The odd Western fan who had the opportunity to play the Japanese version of Super Mario Bros. 2, which would later be dubbed The Lost Levels abroad, may surmise without looking at through the instruction manual that there is a deeper reason behind having four different characters to choose from. This supposition would be entirely correct. All four characters have basic abilities in common such as running, jumping, and pulling plants out of the ground. They also can perform a higher jump, which is accomplished by having them do so after ducking for a short time. The maneuver is ready when your character begins flashing.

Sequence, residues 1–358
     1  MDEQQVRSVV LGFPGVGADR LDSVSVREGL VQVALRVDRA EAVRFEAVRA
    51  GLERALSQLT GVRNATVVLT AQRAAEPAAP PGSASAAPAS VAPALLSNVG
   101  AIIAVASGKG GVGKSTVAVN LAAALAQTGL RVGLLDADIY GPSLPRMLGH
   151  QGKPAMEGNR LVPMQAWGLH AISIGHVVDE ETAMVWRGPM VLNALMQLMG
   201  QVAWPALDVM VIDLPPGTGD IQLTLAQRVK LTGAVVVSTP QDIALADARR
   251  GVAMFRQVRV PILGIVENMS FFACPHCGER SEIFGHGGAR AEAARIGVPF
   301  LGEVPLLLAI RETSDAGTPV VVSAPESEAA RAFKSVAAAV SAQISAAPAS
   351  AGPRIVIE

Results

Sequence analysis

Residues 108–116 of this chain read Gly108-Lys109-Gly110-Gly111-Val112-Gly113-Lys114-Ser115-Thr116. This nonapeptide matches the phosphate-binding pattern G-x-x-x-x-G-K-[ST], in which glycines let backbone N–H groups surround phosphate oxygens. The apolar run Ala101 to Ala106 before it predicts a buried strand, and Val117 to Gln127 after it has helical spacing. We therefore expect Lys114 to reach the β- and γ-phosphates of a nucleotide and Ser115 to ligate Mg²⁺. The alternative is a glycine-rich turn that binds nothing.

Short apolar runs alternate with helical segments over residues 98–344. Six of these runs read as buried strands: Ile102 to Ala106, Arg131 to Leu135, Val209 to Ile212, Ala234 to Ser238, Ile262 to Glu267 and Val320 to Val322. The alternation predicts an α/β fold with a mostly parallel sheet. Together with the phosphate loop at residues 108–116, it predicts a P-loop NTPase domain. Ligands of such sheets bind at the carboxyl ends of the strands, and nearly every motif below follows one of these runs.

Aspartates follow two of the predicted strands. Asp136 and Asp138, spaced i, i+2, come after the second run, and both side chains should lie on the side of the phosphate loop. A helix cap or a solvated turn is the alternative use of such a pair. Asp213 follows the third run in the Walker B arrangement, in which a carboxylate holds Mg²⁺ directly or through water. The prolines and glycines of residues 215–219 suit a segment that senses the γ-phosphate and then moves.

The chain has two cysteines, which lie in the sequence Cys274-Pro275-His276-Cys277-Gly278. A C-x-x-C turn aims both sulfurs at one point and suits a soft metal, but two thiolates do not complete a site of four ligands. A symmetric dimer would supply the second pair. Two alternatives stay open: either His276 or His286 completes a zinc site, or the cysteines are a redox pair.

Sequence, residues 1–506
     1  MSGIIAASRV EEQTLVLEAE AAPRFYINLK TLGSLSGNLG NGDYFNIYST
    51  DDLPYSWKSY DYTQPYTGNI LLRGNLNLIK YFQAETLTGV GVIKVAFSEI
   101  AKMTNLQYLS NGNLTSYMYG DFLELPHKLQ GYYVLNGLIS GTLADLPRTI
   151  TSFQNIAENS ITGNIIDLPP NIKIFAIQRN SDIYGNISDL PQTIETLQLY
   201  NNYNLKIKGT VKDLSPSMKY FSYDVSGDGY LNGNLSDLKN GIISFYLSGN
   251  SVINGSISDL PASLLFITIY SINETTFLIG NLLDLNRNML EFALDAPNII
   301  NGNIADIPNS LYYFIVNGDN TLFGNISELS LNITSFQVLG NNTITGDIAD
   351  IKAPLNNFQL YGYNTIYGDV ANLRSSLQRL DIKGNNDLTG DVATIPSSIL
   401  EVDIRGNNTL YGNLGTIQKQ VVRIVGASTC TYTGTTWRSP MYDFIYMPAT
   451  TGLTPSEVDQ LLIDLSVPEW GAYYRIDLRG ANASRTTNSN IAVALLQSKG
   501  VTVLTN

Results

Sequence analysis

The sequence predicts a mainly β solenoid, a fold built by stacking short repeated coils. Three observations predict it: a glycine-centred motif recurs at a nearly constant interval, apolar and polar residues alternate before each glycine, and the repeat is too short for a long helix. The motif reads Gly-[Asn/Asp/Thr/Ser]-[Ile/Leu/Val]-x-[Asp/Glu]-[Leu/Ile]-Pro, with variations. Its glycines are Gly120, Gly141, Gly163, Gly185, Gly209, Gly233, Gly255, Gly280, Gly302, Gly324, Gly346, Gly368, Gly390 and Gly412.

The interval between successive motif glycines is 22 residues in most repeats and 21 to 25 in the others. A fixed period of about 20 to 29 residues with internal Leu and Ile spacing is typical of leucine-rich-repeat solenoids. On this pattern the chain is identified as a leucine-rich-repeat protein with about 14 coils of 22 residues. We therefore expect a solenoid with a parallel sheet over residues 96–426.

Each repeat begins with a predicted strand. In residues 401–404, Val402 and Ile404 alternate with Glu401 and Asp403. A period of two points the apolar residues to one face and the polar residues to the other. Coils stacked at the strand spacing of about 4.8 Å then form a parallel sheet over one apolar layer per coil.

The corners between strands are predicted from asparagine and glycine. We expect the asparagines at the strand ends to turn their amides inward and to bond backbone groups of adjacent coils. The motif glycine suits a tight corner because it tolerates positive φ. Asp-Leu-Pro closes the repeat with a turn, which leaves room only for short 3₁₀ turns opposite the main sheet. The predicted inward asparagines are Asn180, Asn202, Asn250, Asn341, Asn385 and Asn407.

Despite their similarities, there are subtle differences between the four available characters. Of them, Mario is slightly above-average across the board. He is reasonably fast and strong in addition to being a good jumper. Luigi has a much higher jump, but as a tradeoff, he has a slower run and cannot pull plants as quickly as his older brother. Toad is both fast on his feet and can pull plants much more rapidly than anyone else. In exchange, he is the poorest jumper. Finally, Peach is both the slowest and weakest character. She doesn’t even make up for it with her jumping ability, which while better than Toad’s, is worse than Mario’s. Ironically, many people who have played this game frequently cite her as the single best character. Why is this? She has the ability to float in the air for a short duration by holding down the “A” button in midair. This trivializes much of the game’s challenge because with enough practice, you will have little trouble placing Peach on even the most precarious of platforms.